Friday, March 2, 2018
Books: "If I Die Tonight" By Alison Gaylin
If I Die Tonight
By Alison Gaylin
William Morrow, An Imprint of Harper Collins, on sale March 6th
Alison Gaylin, the USA Today bestselling author, puts her strengths as a writer - dynamic characters, family drama, and absorbing plot twists - on display in her new novel If I Die Tonight.
When a teenage boy is run over during a carjacking involving a former 80's pop star, suspicion falls on another teen from the neighborhood. Perpetuated by a social media blitzkrieg, roles of hero and villain solidify, but the seemingly open-and-shut police case turns out to be anything but simple.
If I Die Tonight features a kaleidoscope of viewpoints, including the suspect's mother Jackie, his youngest brother Connor, washed-up pop star Aimee En, and Pearl Maze, a young police officer with a tragic past.
There also are the two boys involved in the accident: Liam Miller, a local high school football star, who was hit by the car driven by Wade Reed, a high school outcast and depraved would-be killer.
Social media turned Miller into a sort of folk hero, while Reed, who has been convicted in the court of public opinion, isn't talking.
A main theme of the novel is family ties and dark secrets and the lengths we will go to protect ourselves.
This part of If I Die Tonight details a conversation between Amy (Aimee Em) and Pearl Maze: "Amy sat in the back of the cruiser with Officer Maze driving again - curly-haired Officer Maze with dove-gray eyes, the long eyelashes, and the sharp, no-nonsense jawline. Tough number, Amy had thought when she's first seen Officer Maze at the station, the type who made up for a slight build and a sweet face by carrying herself like someone not to be messed with. Someone a lot like Amy herself used to be when she was young and on her own in Hollywood and wore brass knuckles as an accessory, vials of fake blood dangling from her ears.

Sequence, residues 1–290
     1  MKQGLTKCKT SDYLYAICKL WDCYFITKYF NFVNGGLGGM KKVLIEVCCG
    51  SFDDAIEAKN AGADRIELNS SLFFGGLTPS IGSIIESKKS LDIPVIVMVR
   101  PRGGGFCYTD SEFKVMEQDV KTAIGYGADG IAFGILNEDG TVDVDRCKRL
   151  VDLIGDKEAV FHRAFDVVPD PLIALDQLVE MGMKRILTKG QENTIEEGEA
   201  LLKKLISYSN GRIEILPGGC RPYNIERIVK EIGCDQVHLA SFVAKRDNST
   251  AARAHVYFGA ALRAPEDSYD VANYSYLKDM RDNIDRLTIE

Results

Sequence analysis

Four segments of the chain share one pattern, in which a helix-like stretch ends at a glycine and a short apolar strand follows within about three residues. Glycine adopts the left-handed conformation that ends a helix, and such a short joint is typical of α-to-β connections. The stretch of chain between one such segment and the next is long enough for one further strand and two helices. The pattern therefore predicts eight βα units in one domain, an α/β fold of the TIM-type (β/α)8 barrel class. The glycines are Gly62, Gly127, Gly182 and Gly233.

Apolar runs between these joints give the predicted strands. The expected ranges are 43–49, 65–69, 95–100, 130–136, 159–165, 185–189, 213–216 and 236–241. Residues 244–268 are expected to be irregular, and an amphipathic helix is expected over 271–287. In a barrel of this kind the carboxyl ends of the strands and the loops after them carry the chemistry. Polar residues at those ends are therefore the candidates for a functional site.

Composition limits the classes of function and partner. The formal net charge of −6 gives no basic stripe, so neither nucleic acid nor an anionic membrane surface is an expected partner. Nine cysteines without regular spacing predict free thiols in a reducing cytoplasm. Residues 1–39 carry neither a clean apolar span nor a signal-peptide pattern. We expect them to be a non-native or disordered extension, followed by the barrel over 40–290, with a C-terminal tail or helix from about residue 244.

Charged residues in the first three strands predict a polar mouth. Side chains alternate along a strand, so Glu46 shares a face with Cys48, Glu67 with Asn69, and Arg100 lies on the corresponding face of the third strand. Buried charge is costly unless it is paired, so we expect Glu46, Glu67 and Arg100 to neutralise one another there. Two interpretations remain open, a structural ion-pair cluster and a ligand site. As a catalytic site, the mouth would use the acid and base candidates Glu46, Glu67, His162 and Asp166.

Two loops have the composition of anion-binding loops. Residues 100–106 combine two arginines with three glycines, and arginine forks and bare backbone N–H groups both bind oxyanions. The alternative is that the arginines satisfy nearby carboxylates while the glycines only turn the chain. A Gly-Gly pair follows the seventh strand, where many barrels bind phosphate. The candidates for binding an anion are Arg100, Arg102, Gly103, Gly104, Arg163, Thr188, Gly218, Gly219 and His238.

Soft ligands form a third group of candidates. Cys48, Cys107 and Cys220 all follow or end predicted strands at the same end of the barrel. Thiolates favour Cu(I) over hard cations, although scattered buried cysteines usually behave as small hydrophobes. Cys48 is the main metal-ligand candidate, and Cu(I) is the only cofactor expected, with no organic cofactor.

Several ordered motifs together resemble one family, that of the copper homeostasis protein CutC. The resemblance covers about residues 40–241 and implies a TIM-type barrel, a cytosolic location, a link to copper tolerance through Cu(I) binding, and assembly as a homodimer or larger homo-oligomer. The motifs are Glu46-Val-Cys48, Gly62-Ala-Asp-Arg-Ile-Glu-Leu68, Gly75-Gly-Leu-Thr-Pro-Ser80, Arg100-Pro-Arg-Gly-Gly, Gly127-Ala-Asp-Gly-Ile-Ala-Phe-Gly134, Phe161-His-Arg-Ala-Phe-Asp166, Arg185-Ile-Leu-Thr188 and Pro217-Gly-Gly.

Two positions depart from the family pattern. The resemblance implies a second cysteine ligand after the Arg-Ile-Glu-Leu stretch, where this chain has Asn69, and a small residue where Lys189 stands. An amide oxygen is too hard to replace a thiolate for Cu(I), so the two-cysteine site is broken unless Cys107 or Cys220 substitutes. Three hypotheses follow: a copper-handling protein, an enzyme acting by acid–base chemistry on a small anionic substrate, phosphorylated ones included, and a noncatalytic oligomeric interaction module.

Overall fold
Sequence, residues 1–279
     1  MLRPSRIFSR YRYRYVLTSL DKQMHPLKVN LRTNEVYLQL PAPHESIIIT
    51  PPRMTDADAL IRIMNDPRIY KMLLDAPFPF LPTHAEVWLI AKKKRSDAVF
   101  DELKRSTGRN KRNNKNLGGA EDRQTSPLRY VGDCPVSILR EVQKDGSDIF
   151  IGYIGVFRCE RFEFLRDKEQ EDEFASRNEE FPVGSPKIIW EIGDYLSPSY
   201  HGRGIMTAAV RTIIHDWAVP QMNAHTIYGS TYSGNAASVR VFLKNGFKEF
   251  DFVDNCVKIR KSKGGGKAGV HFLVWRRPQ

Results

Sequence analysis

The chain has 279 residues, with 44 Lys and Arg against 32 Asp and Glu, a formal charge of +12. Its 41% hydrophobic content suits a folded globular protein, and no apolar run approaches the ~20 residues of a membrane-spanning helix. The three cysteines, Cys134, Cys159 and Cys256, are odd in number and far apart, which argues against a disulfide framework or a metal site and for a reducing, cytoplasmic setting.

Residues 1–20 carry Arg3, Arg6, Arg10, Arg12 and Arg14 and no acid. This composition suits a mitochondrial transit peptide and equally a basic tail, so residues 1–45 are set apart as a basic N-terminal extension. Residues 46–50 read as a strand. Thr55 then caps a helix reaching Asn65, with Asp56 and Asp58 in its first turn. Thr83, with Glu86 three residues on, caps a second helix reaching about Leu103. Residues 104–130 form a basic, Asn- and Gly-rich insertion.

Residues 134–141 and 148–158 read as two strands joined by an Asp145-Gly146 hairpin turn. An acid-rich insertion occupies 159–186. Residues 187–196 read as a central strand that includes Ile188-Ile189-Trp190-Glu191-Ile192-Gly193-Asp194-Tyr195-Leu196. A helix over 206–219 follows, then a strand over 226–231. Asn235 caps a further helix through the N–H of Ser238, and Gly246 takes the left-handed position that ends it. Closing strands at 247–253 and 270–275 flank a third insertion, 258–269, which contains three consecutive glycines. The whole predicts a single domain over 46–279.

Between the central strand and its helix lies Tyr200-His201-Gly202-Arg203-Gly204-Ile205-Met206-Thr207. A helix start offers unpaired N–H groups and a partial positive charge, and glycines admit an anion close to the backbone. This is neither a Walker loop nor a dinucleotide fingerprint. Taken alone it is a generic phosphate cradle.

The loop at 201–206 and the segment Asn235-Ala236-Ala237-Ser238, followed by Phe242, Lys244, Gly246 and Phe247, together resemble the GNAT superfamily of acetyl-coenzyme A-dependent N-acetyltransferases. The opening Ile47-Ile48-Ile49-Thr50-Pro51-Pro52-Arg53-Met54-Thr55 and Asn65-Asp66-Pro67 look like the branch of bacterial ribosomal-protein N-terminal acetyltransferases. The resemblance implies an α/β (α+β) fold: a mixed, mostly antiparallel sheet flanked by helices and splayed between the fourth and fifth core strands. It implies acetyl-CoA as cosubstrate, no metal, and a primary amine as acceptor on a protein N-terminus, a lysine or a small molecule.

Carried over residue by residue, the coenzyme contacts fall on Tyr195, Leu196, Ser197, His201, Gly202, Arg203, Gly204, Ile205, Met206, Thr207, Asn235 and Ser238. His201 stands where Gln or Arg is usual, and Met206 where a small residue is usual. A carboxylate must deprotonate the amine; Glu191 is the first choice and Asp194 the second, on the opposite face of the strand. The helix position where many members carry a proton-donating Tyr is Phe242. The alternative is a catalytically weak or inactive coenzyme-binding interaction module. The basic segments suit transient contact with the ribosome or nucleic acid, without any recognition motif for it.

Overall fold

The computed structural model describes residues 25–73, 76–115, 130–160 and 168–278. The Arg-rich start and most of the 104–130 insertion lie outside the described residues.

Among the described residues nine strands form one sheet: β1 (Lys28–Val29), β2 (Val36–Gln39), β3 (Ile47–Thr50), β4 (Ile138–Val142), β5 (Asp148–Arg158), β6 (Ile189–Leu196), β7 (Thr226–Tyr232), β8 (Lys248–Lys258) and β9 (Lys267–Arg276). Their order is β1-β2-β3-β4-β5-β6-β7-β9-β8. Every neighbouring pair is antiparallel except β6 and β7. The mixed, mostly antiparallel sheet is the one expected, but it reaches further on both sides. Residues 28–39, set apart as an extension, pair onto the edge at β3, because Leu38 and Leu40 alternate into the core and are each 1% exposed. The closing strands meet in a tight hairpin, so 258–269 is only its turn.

"'You all right?' said Officer Maze, whose first name, Amy recalled now, was surprisingly delicate and old-fashioned, Pearl.
"'I'm as all right as I can be.' Amy said it to the gray eyes in the rearview, which were looking at her strangely...Or was she being paranoid? 'Why do you ask?'
"Pearl tilted the mirror briefly, so Amy could catch a glimpse of her own puffy, swollen eyes. Yes, she'd cried at the sight of Baby, but she thought she's wiped away the evidence.
"'It's just been a traumatic day." Amy wished she hadn't seen her face, so tired and crepey in the afternoon light. Old. She needed lipstick, but she hadn't even thought to bring her makeup bag, distracted as she'd been, as she still was, over Vic. Jacinta had assured her she was on her way, but still Amy hated leaving him alone...'a traumatic couple of days.'
"'You know,' Pearl said. 'if there's anything you want to amend on the police report, you can do that with the state detectives.'
"Amy stared into the mirror. 'Why would I want to amend anything?'
"'You may have been too tired,' she said, 'or too traumatized to tell the complete truth.'
"Amy opened her mouth. Closed it again, her stomach starting to turn.
"'I'm just saying that this happens with a lot of victims of violent crime. The first time they talk about it, they don't always get the specifics right.'
"Amy's shoulders relaxed. It's just a spiel. Same spiel she gives all witnesses probably. It's not directed at you. 'Okay,' she said. 'I'll take that under consideration.'"
Gaylin is the author of the Edgar-nominated thriller Hide Your Eyes and its sequel You Kill Me, the stand-alone Edgar-nominated What Remains of Me, and the Brenda Spector series, which includes And She Was, which won the Shamus Award; Into the Dark, and the Edgar-nominated Stay With Me.